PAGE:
4 as noes in a weighte irecte graph with eges (i, j) labelle P (e j e i ) representing the probability that entity e j is chosen into a ocument that contains entity e i.we istribute entities to E via a ranom walk on this graph starting from e 1 with a prior probability P (e i ). Representatives an mentions are generate in the same way as in Moel II. Therefore, a more general moel for the istribution over ocuments is: P () E =l P (e 1 )P (r 1 e 1 ) [P (e i e i 1 )P (r i e i )] i=2 P (m j r j ). (r j,m j ) e1= George Bush e2= George W. Bush e3= Steve Bush 1 m1,r1=presient Bush m2=bush m3=j. Quayle Entities E 2 m4,r2=steve Bush m5=bush Figure 2: An conceptual example. The arrows represent The inference problem is the same as in Equ. (2). correct assignment of entities to mentions. r 1,r 2 are representatives. 3.2 Inference The funamental problem in robust reaing can be solve of entities given those representatives in their appearing as inference with the moels: given a mention m, seek orer using the Viterbi algorithm. The total time complexity is O( M 2 + E 2 R ). the most probable entity e E for m accoring to Equ. (4) for Moel I or Equ. (2) for Moel II an III. The 3.3 Discussion inference algorithm for Moel I (with time complexity Besies ifferent assumptions of the moels, there are O( E )) is simple an irect: just compute P (e, m) for some funamental ifferences in inference with the moels as well. In Moel I, the entity of a mention is e- each caniate entity e E an then choose the one with the highest value. Due to exponential number of termine completely inepenently of other mentions, possible assignments of E,R to M in Moel II an III, while in Moel II the way of figuring out the entity relies on local similarity among mentions in the same oc- precise inference is infeasible. Approximate algorithms are therefore esigne: ument. In Moel III, it is not only relate to other mentions but to a global epenency over entities. The fol- In Moel II, we aopt a two-step algorithm: First, we seek the representatives R for the mentions M in ocument by sequentially clustering the mentions accoring lowing conceptual example illustrates those ifferences as in Fig. 2. to the appearance moel. The first mention in each group is treate as the representative. Specifically, when consiering a mention m M, P (m r) is compute for 1, 2 an 5 mentions in them, an Example 3.1 Given E = {George Bush, George W. Bush, Steve Bush}, ocuments suppose the prior probability of entity George W. Bush is each representative r that have alreay been create an higher than those of the other two entities, the probable assignment of entities to mentions in the three moels coul be a fixe threshol is then use to ecie whether to create a new group for m or to a it to one of the existing group as follows: with the highest P (m r) value. In the secon step, each For Moel I, mentions(e 1) = φ, mentions(e 2) = {m representative r i R is assigne to its most likely entity accoring to e = argmax e E P (e) P (r e) 3 cause by the fact that a mention tens to be assigne to the 1,m 2,m 5} an mentions(e 3) = {m 4}. The result is. This entity with higher prior probability when the appearance similarity algorithm has a total time complexity of O( M 2 + E R ). is not istinctive. For Moel II, mentions(e 1) = φ, mentions(e 2) = Moel III has a similar two-step algorithm as Moel II. {m 1,m 2} an mentions(e 3) = {m 4,m 5}. Local epenency (appearance similarity) among mentions insie each ocument enforces constraints that they shoul refer to the same The only ifference is that we nee to consier the global epenency between entities. Thus in the secon step, entity, like Steve Bush an Bush in 2. instea of seeking an entity e for each representative r For Moel III, mentions(e 1)={m 1,m 2}, mentions(e 2) separately, we etermine a set of entities E for R in a = φ, mentions(e 3) = {m 4,m 5}. With the help of global Hien Markov Moel with entities in E as hien states epenency among entities, for example, George Bush an J. Quayle, an entity can be istinguishe from another entity an R as observations. The prior probabilities., the transitive probabilities an the observation probabilities for with a similar writing. this HMM are given by P (e), P (e j e i ) an P (r e) respectively. 3.4 Other Tasks In this step we seek the most likely sequence E is known after learning the moel in a close ocument collection that belongs to. The three basic problems relate to Robust Reaing can be solve base on the solutions to the key inference problem above. 4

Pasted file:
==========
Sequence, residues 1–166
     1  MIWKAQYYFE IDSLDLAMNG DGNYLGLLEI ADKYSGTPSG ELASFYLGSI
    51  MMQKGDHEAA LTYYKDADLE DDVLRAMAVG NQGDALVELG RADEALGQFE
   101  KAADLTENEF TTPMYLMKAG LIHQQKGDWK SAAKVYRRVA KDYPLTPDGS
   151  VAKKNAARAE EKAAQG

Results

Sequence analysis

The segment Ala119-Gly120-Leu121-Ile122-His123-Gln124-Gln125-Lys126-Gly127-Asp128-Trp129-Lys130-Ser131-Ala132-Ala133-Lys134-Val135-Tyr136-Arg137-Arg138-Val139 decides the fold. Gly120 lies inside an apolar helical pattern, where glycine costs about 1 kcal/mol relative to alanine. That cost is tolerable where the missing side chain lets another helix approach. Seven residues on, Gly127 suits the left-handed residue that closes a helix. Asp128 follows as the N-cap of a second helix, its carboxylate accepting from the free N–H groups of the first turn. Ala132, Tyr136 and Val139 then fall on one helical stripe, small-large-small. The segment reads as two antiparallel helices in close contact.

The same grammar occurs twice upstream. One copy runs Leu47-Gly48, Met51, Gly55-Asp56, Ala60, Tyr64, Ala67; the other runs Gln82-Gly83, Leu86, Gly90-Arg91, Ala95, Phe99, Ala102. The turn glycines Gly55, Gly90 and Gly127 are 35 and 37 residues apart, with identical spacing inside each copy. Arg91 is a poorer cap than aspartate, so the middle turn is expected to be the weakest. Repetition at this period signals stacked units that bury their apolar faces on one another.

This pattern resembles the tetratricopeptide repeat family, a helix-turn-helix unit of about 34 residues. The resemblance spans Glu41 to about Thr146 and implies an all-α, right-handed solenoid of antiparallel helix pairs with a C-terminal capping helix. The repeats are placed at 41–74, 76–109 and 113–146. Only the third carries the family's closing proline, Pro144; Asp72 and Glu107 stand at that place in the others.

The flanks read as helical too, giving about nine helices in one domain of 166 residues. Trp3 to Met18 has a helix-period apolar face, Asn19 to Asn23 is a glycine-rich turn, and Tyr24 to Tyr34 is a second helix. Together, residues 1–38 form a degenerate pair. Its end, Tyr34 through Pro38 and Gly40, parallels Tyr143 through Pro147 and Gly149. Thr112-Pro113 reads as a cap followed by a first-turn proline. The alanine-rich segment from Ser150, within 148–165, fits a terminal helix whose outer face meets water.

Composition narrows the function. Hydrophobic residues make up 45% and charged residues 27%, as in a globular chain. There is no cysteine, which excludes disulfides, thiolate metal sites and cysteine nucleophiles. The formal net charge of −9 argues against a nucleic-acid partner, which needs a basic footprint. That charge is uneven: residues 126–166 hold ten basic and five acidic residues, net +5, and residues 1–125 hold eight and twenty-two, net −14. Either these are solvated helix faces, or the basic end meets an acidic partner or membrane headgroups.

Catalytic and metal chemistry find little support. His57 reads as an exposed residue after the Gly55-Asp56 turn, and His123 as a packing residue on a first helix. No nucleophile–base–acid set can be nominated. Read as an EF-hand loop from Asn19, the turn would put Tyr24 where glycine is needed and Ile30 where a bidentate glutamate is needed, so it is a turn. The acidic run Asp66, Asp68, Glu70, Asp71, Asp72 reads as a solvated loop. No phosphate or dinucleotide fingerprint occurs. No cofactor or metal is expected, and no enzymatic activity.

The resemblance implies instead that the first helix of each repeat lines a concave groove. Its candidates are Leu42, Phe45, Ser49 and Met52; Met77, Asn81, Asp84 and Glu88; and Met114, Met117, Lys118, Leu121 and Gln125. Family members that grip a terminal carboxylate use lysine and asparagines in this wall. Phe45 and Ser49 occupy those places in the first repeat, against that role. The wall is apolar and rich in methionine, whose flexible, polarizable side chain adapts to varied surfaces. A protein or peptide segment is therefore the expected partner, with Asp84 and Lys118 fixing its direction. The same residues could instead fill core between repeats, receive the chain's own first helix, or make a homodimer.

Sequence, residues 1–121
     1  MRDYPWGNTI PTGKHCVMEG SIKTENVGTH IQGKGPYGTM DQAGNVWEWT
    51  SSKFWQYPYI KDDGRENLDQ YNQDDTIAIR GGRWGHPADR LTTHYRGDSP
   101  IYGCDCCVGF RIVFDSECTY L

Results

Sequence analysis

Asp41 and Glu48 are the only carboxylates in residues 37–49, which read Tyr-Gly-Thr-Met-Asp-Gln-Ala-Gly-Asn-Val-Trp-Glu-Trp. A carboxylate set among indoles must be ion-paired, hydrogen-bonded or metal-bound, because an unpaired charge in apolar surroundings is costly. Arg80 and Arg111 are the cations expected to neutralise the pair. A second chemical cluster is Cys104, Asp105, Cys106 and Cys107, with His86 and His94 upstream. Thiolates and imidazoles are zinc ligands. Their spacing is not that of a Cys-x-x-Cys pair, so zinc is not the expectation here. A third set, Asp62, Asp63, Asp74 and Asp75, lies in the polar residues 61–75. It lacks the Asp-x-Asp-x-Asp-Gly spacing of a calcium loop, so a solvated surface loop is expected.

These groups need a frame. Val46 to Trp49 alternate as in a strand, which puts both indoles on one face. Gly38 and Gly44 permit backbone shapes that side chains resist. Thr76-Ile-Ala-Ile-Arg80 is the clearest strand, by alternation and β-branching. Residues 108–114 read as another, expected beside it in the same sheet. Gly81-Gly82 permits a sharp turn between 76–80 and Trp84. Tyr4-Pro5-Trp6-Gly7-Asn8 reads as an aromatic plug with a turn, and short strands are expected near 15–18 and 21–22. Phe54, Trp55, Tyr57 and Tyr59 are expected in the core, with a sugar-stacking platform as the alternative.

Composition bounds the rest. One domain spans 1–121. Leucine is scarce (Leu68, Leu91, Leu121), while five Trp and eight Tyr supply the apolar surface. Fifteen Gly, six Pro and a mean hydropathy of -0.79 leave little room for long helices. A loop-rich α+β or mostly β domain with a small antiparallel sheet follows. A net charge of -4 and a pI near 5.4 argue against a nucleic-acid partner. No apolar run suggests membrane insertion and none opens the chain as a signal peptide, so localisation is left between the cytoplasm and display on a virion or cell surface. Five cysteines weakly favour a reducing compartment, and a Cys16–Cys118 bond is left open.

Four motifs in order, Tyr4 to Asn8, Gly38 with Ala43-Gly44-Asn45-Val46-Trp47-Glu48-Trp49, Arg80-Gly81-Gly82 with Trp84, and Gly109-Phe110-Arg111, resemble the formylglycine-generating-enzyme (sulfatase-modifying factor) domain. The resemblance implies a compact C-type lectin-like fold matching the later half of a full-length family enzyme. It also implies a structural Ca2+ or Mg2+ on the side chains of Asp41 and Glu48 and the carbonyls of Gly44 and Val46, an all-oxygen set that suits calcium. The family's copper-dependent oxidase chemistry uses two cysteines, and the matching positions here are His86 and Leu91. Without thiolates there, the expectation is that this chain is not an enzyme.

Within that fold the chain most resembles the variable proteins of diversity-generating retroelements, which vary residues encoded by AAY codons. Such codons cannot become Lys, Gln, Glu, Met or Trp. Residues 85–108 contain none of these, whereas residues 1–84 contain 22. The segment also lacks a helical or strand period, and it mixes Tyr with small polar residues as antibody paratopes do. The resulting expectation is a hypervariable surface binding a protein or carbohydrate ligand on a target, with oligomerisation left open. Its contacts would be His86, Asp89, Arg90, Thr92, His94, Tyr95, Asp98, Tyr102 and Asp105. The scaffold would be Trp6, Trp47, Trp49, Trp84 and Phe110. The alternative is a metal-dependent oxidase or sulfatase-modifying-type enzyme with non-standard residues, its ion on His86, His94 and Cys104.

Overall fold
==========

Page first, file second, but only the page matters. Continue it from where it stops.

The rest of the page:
5 Entity Ientity: Given two mentions m 1 1,m 2 2, etermine whether they correspon to the same entity (m 1 m 2 ) by: 1. In the initial (I-) step, an initial E 0 an R 0 is assigne to each ocument using an initialization algorithm. After this step, we can assume that we have labelle ocuments D 0 = {(E 0,R 0,M )}. m 1 m 2 iff argmax e EP (e, m 1)=argmax e EP (e, m 2) for Moel I an m 1 m 2 iff argmax e EP (E 1,R 1,M 1 )= argmax e EP (E 2,R 2,M 2 ). for Moel II an III. Name Expansion: Given a mention m q in a query q, ecie whether mention m in the ocument collection D is a legal expansion of m q : m q m iff e m q = argmax e EP (E q,r q,m q) & m mentions(e ). We assume here that we alreay know the possible mentions of e after learning the moels in D. Prominence: Given a name n W, the most prominent entity for n is given by: e = argmax e E P (e)p (n e). P (e) is given by the prior istribution P E an P (n e) is given by the appearance moel. 4 Learning the Moels Confine by the labor of annotating ata, we learn the probabilistic moels in an unsupervise way given a collection of ocuments; that is, the system is not tol uring training whether two mentions represent the same entity. A greey search algorithm moifie after the stanar EM algorithm (We call it Truncate EM algorithm) is aopte here to avoi complex computation. Given a set of ocuments D to be stuie an the observe mentions M in each ocument, this algorithm iteratively upates the moel parameter θ (several unerlying probabilistic istributions escribe before) an the structure (that is, E an R ) of each ocument. Different from the stanar EM algorithm, in the E-step, it seeks the most likely E an R for each ocument rather than the expecte assignment. 4.1 Truncate EM Algorithm The basic framework of the Truncate EM algorithm to learn Moel II an III is as follows: 5 2. In the M-step, we seek the moel parameter θ t+1 that maximizes P (D t θ). Given the labels supplie by the moel in the previous I- or E-step, this amounts to the maximum likelihoo estimation as escribe in Sec In the E-step, we seek (E t+1,r t+1 ) for each ocument that maximizes P (D t+1 θ t+1 ) where D t+1 = {(E t+1,r t+1,m )}. It s the same inference problem in Sec Stoping Criterion: If no increase is achieve over P (D t θ t ), the algorithm exits. Otherwise the algorithm will iterate over the M-step an E-step. The algorithm for Moel I is similar to the above algorithm but much simpler in the sense that it oes not have the notions of ocuments an representatives. So in the E-step we only nee to seek the most possible entity e for each mention m D an this simplifies the parameter estimation in the M-step accoringly. It usually takes 3 10 iterations before the algorithm stops for all the moels in our experiments. 4.2 Initialization The purpose of the initial step is to acquire an initial guess of ocument structures an to seek the set of entities E in a close collection of ocuments D. The hope is to fin all entities without loss even if repeate entities might be create. For all the moels, we use the same algorithm: First, a local clustering is performe to group all mentions insie each ocument. A set of simple heuristics of matching attributes is applie to calculating the similarity between mentions an pairs of mentions with similarity above a threshol are clustere together. The first mention in each group is chosen as the representative (only in Moel II an III) an an entity having the same writing with the representative is create for each cluster 4. For all the moels, the set of entities create in ifferent ocuments become the global entity set E in the following M- an E-steps. 4.3 Estimating the Moel Parameters In the learning process, assuming we have obtaine labelle ocuments D = {(e, r, m)} n 1 from previous I- or E-step, several probability istributions unerlying the relaxe moels are estimate accoring to maximum likelihoo estimation in each M-step. The moel parameters inclue a prior istribution over entities P E, a tran- 4 Note that the performance of the initialization algorithm is 97.3% precision an 10.1% recall, measures efine in our later experimental stuy in Sec. 5.